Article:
New recruits to GDPR

Clark Info Recruitment

There can’t be anyone unaware of the of the General Data Protection Regulation (GDPR) changes which came into effect in May 2018.

Some businesses were proactive and prepared for the changes months ago and we’re still offering guidance and support to firms to help get their house in order.

Among those, we’ve seen recruitment agencies seek out our expertise to assist and shore up their policies and procedures around GDPR compliance.

It’s a growing sector – the number of newly-registered recruitment agencies in the UK rose at its fastest rate ever in 2017, with 9,001 starting up that year. An average of 818 new agencies registered each month during the past year. The number currently trading stands at a record 35,275.

Recruitment agencies are effectively data businesses as they handle personal details day in and day out.

Personal data, including name, phone number, email address, a photo and salary information may typically be stored centrally on a database system. It may also be kept separately by individual recruiters on phones or tablets.

GDPR impacts how personal data can be acquired, stored and used. Even though a candidate may post their information on a job board or LinkedIn, that doesn’t give a recruiter a carte blanche to download and process that personal information.

To obtain permission, recruiters are required to confirm to the data subject exactly what their personal data will be used for, who specifically it will be shared with, where it will be stored and how long it will be stored.

Consent is required for each specific purpose and the option – and method – to withdraw consent clearly demonstrated. This is significant for recruiters working with vulnerable individuals where the rights of those individuals will need to be specifically stated in a way that is easily understood.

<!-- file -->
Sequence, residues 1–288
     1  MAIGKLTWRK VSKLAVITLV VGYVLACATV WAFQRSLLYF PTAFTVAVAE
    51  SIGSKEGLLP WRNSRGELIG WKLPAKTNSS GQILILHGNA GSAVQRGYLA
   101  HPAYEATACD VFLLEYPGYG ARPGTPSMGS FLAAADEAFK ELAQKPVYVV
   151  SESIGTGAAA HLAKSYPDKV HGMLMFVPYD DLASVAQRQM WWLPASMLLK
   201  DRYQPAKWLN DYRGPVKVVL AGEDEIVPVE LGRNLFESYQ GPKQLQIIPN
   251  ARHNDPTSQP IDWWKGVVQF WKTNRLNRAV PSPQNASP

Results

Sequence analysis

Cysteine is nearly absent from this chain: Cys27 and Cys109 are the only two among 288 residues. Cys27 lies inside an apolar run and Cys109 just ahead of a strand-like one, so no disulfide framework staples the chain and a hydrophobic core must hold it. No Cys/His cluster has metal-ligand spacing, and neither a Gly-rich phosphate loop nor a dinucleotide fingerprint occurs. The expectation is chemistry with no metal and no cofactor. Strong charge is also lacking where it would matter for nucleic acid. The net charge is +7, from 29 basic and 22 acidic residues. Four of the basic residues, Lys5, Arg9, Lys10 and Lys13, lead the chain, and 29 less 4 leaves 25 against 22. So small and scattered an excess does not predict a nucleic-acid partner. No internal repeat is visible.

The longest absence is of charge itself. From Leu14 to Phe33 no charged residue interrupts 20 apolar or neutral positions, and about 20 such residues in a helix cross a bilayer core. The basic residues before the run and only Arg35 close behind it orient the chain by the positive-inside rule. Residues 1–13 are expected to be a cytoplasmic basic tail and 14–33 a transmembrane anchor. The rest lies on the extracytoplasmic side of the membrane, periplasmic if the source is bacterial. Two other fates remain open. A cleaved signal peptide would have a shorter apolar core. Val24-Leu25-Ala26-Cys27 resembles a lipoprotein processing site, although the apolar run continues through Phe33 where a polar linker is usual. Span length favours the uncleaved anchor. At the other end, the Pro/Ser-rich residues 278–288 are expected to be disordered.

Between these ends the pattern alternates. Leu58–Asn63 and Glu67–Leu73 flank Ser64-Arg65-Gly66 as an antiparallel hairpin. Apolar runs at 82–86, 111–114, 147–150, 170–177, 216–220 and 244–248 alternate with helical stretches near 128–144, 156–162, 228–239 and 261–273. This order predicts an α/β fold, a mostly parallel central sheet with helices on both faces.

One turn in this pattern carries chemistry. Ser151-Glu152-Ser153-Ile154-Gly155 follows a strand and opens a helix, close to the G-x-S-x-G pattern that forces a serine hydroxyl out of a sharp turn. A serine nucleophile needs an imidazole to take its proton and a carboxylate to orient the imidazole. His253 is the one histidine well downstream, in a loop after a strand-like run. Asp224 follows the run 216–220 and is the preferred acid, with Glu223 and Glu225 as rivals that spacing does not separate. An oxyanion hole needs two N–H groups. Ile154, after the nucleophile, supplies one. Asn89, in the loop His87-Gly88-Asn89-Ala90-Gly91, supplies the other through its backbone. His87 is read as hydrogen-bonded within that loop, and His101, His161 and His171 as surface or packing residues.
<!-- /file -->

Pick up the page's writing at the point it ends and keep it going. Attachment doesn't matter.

GDPR makes it harder for recruiters to have arm’s length relationships with candidates and a lot more effort will need to be put into developing robust recruitment processes that meet the guidelines.

When it comes to adopting GDPR best practices, one of the biggest hurdles is making sure everyone in your agency knows what’s required of them. If everyone is still working in silos, with different databases, out of Outlook folders or spreadsheets, then you’ll find meeting the GDPR requirements extremely difficult.

You may consider centralising and simplifying your data management, to make it easier to monitor and maintain GDPR guidelines.

Candidates have the right to know why you want their data, and what you’ll use that data for so a GDPR-friendly set of candidate facing terms and condition should cover:

  • How you store candidate information
  • How long you keep that candidate information
  • What rights candidates have to access their data
  • The right for candidate data to be deleted on request
  • The reasons why you are storing their data

Your agency’s privacy policy is something else that may need updating. Under GDPR regulations, you’ll need to include your legal right to process information, what your data retention period is, and how candidates can complain to the Information Commissioner’s Office (ICO) if they’re unhappy with how you handle data.

GDPR requires you to write this updated privacy document clearly and concisely and make it readily available, too. By law, privacy policies, terms of use and candidate agreements will have to be written simply and without endless small print. Candidates also need to be informed on how exactly you plan to use their data - so no pre-ticked boxes.

A data breach means a candidate is likely to suffer damage in the form of identity theft or a confidentiality breach. If this happens, you’ll need to notify ICO. If a data breach does occur, you need to ensure that you have the right processes in place to detect, report and investigate it.

To recap, GDPR is designed to protect the rights of 750 million people across the EU.

Candidates must give explicit consent - or recruiters must demonstrate a legitimate interest - for personal data to be collected and used.

Candidates can object to the processing of their data for profiling purposes and they can request their personal data be deleted when it's no longer required at any point.

If your business is found not to be adhering to the ICO guidelines or working with GDPR best practices, there will be penalties: you could end up with a bill of €20 million or 4% of global turnover - whichever is higher.

So, it’s clear why recruitment agencies -and every business that handles personal data – must be clued up and switched on around the new regulations – and to follow the GDPR to the letter, and be able to demonstrate compliance.